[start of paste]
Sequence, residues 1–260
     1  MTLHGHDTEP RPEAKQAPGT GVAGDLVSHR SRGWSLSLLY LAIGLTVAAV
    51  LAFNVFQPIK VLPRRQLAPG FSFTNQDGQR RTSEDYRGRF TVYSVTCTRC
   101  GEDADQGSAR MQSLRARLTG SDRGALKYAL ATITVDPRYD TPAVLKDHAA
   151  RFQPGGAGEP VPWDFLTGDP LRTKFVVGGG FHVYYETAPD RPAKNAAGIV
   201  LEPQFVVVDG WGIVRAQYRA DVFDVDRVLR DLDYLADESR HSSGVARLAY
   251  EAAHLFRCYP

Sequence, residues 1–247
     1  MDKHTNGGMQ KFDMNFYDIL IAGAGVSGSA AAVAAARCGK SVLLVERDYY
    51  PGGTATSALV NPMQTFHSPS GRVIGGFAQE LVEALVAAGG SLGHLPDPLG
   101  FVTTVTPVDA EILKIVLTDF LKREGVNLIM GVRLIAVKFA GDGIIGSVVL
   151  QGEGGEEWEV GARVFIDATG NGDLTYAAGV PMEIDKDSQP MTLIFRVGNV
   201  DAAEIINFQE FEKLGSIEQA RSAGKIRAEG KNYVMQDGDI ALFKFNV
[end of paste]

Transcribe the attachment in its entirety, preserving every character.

Sequence, residues 1–260
     1  MTLHGHDTEP RPEAKQAPGT GVAGDLVSHR SRGWSLSLLY LAIGLTVAAV
    51  LAFNVFQPIK VLPRRQLAPG FSFTNQDGQR RTSEDYRGRF TVYSVTCTRC
   101  GEDADQGSAR MQSLRARLTG SDRGALKYAL ATITVDPRYD TPAVLKDHAA
   151  RFQPGGAGEP VPWDFLTGDP LRTKFVVGGG FHVYYETAPD RPAKNAAGIV
   201  LEPQFVVVDG WGIVRAQYRA DVFDVDRVLR DLDYLADESR HSSGVARLAY
   251  EAAHLFRCYP

Sequence, residues 1–247
     1  MDKHTNGGMQ KFDMNFYDIL IAGAGVSGSA AAVAAARCGK SVLLVERDYY
    51  PGGTATSALV NPMQTFHSPS GRVIGGFAQE LVEALVAAGG SLGHLPDPLG
   101  FVTTVTPVDA EILKIVLTDF LKREGVNLIM GVRLIAVKFA GDGIIGSVVL
   151  QGEGGEEWEV GARVFIDATG NGDLTYAAGV PMEIDKDSQP MTLIFRVGNV
   201  DAAEIINFQE FEKLGSIEQA RSAGKIRAEG KNYVMQDGDI ALFKFNV